PORTLAND, Ore. — About 300 firefighters from numerous fire agencies around Oregon are helping battle two separate wildfires in California.

The largest of the fires, the Kincade Fire in Sonoma County, is being fueled by historic winds and has caused nearly 180,000 people to flee their homes. California Gov. Gavin Newsom has declared a statewide emergency.

The evacuations cover parts of Santa Rosa, a city of 175,000 that was devastated by a wildfire two years ago. The latest evacuation orders came after Pacific Gas & Electric shut off power to 2.3 million people across 36 counties on Saturday as a precaution to prevent other wildfires.

“This community has dealt with many, many fires over the last several years, catastrophic fire, and we come in from out of state, we’ve been very, very fortunate in Oregon not to have these catastrophic fires, so we come in here and it’s hard for us to see them and know that they’re dealing with that,” explained Tualatin Valley Fire and Rescue Assistant Chief Les Hallman. “Even the firefighters that are on the line with us, a lot of them either have lost homes themselves, or have family or friends that have lost homes, so it’s always humbling to work side by side in that situation.”

RELATED: Northern California wildfire forces evacuations as wind spurs power blackouts

The wind event is expected to last until Monday, the National Weather Service said.

California made a request for assistance through the Emergency Management Assistance Compact, a national state-to-state mutual aid system, and the Oregon State Fire Marshal authorized the mobilization of 15 strike teams.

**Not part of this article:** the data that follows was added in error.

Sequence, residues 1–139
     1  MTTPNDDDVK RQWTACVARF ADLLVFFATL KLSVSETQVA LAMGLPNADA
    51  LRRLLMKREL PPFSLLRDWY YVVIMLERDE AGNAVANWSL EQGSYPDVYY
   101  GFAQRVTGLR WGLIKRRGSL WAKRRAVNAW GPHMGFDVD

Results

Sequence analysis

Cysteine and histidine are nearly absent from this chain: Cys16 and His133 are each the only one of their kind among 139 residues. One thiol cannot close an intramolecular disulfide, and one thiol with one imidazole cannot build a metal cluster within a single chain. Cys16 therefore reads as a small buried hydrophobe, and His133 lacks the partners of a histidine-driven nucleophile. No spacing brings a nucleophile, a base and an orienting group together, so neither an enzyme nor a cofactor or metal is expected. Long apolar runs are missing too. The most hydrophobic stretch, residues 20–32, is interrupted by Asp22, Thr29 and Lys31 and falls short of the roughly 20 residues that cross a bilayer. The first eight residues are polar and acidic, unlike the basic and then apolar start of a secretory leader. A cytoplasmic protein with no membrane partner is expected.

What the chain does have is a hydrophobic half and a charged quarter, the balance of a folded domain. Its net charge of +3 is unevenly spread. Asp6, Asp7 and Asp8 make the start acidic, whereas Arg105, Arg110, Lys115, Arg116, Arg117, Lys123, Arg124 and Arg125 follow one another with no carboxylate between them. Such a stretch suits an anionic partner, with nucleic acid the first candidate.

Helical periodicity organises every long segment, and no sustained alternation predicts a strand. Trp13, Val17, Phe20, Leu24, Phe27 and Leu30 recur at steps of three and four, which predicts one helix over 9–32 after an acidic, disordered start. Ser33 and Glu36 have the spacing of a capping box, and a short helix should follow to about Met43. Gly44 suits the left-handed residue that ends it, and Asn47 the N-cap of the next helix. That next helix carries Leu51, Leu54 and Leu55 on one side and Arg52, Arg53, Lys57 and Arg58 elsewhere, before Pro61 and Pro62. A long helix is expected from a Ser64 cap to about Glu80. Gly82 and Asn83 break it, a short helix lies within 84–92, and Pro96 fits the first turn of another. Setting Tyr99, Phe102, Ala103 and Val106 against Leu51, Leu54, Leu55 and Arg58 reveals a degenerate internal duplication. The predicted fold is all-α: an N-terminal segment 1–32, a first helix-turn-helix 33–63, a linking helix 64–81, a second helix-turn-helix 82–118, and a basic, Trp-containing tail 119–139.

Nine of the 15 teams are helping fight the Kincade Fire. Crews are supporting efforts to protect structures and build fire lines.

Another group, comprised of six teams, are helping fight the Burris Fire, a 350-acre fire in Mendocino County. Five of the teams are working to secure lines and mop up the Burris Fire, while one team was assigned to respond to a new fire called the Twin Fire.

“It is still extremely dry here,” Hallman said. “They were seeing what’s called a spot fire yesterday a mile away. We have what’s called a probability of ignition and right now, it’s about 95%, so that means if an ember hits something, there’s a 95% chance that that’s going to ignite, that is catastrophic condition. We’re in single digit humidity, you couldn’t ask for a worse fire condition right now.”

Firefighters from Klamath, Yamhill, Linn, Columbia, Clatsop, Benton, Multnomah, Marion, Washington, Clackamas, Lincoln, Jackson, Josephine, and Lane counties are heading to California.

The deployment could last as long as 16 days.

The Kincade Fire began Wednesday night and is only 10% contained, the California Department of Forestry and Fire Protection said Sunday. It has burned 47 square miles and has destroyed 79 structures.

In addition to the Kincade Fire, smoke from a second wildfire in the San Francisco Bay Area briefly halted traffic on a bridge and came dangerously close to homes in Vallejo, which is 55 miles south of Geyserville where the massive Kincade Fire is burning.

In the south, a wildfire dubbed the Tick Fire in the Santa Clarita area near Los Angeles has destroyed 18 structures, threatened homes and critical infrastructure. The Tick Fire is 65% contained.

MORE: Get the new KGW app before severe weather hits!